-- FORT LAUDERDALE
Chili's Too puts self-ordering to work
Self-ordering, a trend at casual restaurants, is available at Fort Lauderdale International. At Chili's Too Margarita Bar, customers can use its four table-top computerized stations to order food and play video games. "It speeds up service and provides some fun entertainment options," says Glen White, a spokesman for Delaware North, a concessionaire at the airport that runs the restaurant.
UWink, which developed the technology, is a California-based digital media firm led by Nolan Bushnell, founder and former CEO of Atari and Chuck E. Cheese.
Part of AIDS Memorial Quilt displayed on Concourse E
Miami International is displaying sections of the AIDS Memorial Quilt in honor of World AIDS Day (Dec. 1) and the 2008 United States Conference on AIDS, which took place last week in Fort Lauderdale.
The quilt, sponsored by the Names Project Foundation, began in San Francisco in 1987 with one panel. It now has more than 47,000 panels, each commemorating the life of someone who has died of AIDS.
Portions of the quilt are on display on the second level of Concourse E until December.
Southwest pilots test security process
Hoping to speed up the security-clearing process for airport workers, the Transportation Security Administration is testing a biometric access system at Baltimore/Washington International Thurgood Marshall Airport.
Developed by Chicago-based Priva Technologies, the system identifies and authenticates individuals at security checkpoints using their fingerprints.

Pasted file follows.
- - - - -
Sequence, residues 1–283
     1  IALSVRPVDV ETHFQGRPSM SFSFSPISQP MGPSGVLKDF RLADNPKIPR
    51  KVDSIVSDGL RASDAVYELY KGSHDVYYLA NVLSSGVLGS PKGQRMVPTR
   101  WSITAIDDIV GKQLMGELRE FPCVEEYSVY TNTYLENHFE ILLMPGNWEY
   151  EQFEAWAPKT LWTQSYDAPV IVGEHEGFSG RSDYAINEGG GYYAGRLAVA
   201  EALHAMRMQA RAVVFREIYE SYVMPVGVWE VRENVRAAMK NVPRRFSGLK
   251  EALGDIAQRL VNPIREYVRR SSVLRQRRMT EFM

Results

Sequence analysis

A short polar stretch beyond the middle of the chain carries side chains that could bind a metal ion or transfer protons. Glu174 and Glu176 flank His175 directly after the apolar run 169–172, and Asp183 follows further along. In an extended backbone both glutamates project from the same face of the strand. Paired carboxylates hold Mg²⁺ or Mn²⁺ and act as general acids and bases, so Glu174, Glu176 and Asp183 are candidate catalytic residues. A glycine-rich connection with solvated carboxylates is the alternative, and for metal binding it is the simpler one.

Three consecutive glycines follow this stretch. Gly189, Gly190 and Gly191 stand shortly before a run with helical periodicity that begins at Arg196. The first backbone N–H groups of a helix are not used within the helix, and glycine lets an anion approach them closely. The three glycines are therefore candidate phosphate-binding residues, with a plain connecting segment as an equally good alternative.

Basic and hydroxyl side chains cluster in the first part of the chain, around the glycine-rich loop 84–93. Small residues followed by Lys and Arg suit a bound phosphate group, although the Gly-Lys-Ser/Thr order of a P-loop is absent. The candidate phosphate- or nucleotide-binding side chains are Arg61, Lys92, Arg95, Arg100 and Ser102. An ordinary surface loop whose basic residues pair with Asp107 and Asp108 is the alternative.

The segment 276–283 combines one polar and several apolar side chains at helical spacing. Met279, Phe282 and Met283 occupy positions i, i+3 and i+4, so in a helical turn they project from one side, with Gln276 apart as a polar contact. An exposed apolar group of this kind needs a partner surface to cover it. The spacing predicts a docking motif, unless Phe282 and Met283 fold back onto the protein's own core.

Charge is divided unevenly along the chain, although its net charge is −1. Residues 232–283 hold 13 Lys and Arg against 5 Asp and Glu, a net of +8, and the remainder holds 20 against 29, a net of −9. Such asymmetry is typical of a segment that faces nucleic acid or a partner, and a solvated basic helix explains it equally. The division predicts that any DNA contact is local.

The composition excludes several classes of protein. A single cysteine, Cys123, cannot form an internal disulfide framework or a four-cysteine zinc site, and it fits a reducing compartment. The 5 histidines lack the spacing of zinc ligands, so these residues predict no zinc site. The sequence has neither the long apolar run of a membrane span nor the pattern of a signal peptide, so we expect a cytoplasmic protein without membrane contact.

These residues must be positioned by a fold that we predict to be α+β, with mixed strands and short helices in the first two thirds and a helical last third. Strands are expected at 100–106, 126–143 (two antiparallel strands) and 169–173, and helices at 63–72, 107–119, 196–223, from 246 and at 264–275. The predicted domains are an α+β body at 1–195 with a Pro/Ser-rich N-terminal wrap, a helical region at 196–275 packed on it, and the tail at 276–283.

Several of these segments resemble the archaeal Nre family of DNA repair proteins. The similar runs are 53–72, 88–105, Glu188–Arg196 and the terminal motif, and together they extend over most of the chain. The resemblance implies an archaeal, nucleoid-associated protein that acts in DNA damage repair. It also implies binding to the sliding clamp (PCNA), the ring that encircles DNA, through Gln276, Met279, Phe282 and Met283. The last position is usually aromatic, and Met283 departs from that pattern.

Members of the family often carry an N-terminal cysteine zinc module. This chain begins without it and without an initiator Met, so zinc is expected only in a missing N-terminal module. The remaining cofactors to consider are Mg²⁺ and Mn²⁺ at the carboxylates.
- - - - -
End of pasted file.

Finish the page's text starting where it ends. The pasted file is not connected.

Pilots for Southwest Airlines are testing the program.
Participants must undergo an enrollment process, which stores their fingerprints, photograph and other security information in a small device that resembles a thumb drive.
Pilots place the drive on a reader at the checkpoint and register a fingerprint, and a TSA agent confirms their identity.
"We fully expect to get a green light from TSA to expand the program. Our goal is to make the program permanent," said Carl Kuwitzky, president of the Southwest Airlines Pilots' Association, in a statement.
The ultimate objective of this test is to provide secure access for employees at airports, says John Grimaldi, a spokesman for Priva. The trial at BWI will last 60 days.
FAA sees Chicago needing new airport
At its current rate of growth, Chicago may need a new airport or a large expansion of one of its existing airports, says Robert Sturgell, head of the Federal Aviation Administration.
In an interview with the Associated Press last week, Sturgell said Chicago's role as a major aviation hub requires such expansion, and the projects currently underway, including a $15 billion upgrade of O'Hare, may not suffice.
The number of U.S. air travelers could rise to 1 billion a year in the next decade, while airlines are increasingly relying on smaller planes.
The growth will likely mean more takeoffs and landings than existing airports can handle, Sturgell says.
Only two major airports have opened in the last 40 years — Dallas/Fort Worth and Denver International. But as many as four would have to be built in the next 20 to 30 years to meet the increased demand, Sturgell told AP.
More rocking chairs after security
Boston Logan has added 16 more wooden rocking chairs in post-security areas of the airport.
The rocking chairs are designed by local artists and feature regional themes, such as New England lighthouses, lobsters and professional sports teams.
Every Monday, we report on the latest news in airports across the USA. See something noteworthy in your travels? E-mail your suggestions to firstname.lastname@example.org.